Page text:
Atrial septal defect
What is atrial septal defect?
Depending on the position of the atrial septal defect, ASD is classified into three types:
- “Ostium secundum”
- If venous
- “Ostium Primum”
“Ostium Primum” is considered a different defect due to the damage associated with it.
Who does atrial septal defect affect?
ASD is one of the most common heart defects (6-10%) and is more common in women.
In most cases, children with ASD show no symptoms. For this reason, it is detected when listening to the heart during a routine examination detects a heart murmur. In that case, an echocardiogram should be carried out on the patient to identify the defect and determine treatment options.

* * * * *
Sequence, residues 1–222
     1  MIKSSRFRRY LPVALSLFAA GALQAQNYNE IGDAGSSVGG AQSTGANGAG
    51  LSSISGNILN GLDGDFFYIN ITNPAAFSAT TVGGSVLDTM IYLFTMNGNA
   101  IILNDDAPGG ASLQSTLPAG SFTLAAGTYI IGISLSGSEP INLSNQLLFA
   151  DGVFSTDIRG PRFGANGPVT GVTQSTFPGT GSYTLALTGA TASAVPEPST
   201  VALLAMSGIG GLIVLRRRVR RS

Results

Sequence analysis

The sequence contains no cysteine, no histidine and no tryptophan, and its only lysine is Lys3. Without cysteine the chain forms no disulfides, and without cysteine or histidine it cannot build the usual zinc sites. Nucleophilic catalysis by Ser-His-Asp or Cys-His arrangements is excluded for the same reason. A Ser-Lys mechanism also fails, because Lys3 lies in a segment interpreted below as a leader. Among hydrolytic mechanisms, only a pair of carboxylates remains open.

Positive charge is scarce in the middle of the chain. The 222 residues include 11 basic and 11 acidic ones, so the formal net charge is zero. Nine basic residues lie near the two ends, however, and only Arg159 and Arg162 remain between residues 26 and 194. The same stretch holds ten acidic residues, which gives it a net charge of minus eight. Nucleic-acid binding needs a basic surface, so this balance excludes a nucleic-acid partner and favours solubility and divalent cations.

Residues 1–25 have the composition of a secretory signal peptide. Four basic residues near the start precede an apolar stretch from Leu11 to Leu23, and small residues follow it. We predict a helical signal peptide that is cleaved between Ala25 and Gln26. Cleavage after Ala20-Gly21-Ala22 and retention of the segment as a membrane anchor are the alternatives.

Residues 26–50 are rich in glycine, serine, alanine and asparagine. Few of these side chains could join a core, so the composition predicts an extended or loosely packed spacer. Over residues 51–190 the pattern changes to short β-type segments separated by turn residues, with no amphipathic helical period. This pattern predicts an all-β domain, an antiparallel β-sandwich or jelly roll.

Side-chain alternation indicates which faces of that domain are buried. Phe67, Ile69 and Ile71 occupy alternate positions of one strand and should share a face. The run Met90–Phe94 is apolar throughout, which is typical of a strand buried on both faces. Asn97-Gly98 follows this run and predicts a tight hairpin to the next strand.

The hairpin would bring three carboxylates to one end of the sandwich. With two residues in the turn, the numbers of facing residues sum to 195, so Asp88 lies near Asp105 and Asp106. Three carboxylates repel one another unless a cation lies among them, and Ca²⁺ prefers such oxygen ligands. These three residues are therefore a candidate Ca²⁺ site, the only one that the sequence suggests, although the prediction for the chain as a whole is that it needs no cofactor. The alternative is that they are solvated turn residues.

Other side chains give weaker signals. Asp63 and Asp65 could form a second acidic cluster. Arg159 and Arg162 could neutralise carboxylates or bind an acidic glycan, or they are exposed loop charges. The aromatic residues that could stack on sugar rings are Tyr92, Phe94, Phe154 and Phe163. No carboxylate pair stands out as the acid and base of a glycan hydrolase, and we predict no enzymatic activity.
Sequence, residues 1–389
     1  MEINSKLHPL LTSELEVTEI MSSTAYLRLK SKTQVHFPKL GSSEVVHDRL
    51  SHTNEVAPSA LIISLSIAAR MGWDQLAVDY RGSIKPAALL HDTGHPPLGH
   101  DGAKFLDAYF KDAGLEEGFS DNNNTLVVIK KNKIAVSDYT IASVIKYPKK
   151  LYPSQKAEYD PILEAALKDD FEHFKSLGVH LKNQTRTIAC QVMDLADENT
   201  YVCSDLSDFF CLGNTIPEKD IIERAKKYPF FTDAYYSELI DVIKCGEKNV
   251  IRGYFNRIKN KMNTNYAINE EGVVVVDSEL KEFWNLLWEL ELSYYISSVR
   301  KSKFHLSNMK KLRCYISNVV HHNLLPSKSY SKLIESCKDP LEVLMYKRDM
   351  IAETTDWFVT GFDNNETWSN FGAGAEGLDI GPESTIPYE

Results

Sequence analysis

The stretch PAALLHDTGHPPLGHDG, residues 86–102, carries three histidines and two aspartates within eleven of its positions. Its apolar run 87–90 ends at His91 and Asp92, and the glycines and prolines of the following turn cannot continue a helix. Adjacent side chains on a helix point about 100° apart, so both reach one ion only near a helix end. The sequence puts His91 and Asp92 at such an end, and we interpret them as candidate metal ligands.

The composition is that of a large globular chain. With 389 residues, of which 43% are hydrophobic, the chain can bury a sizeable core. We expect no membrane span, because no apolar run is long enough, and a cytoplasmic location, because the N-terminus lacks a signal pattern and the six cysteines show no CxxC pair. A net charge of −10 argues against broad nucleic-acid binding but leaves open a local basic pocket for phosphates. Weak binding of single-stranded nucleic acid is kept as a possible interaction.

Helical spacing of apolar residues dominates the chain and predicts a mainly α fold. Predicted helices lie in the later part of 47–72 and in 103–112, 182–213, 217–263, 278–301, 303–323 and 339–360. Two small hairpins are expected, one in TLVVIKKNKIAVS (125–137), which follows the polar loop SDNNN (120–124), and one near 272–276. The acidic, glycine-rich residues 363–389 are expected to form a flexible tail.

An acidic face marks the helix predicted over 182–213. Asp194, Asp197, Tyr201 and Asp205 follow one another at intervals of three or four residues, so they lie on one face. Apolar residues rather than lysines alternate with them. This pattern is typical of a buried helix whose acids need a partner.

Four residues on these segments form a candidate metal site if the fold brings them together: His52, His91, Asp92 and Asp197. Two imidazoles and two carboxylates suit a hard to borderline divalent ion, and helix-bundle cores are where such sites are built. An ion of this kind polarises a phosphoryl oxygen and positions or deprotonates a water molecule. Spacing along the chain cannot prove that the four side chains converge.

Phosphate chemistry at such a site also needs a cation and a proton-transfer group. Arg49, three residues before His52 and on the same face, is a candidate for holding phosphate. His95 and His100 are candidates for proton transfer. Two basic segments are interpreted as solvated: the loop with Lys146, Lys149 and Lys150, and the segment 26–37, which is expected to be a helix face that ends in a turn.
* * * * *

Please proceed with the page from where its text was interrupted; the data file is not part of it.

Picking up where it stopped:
When the defect is small with no significant blood flow no procedure may be necessary. On the other hand, if this is significant, the characteristics of the ASD must be assessed to decide if it is necessary to close it via catheterization or surgery.
Closure via catheterization consists of inserting a device to close the defect and stop blood passing from one chamber of the heart to the other.
When the defect is large or its shape prevents the percutaneous device entering, this closure must be performed through surgery. The procedure consists of fitting a patch over the hole in the partition, made either from synthetic material or tissue taken from the patient themselves.
Children who have undergone ASD closure have a similar life expectancy and quality of life to healthy patients. In fact, the survival rate is over 99.7%. In contrast, patients with ASD who do not undergo surgery see a decline in their life expectancy after forty years old.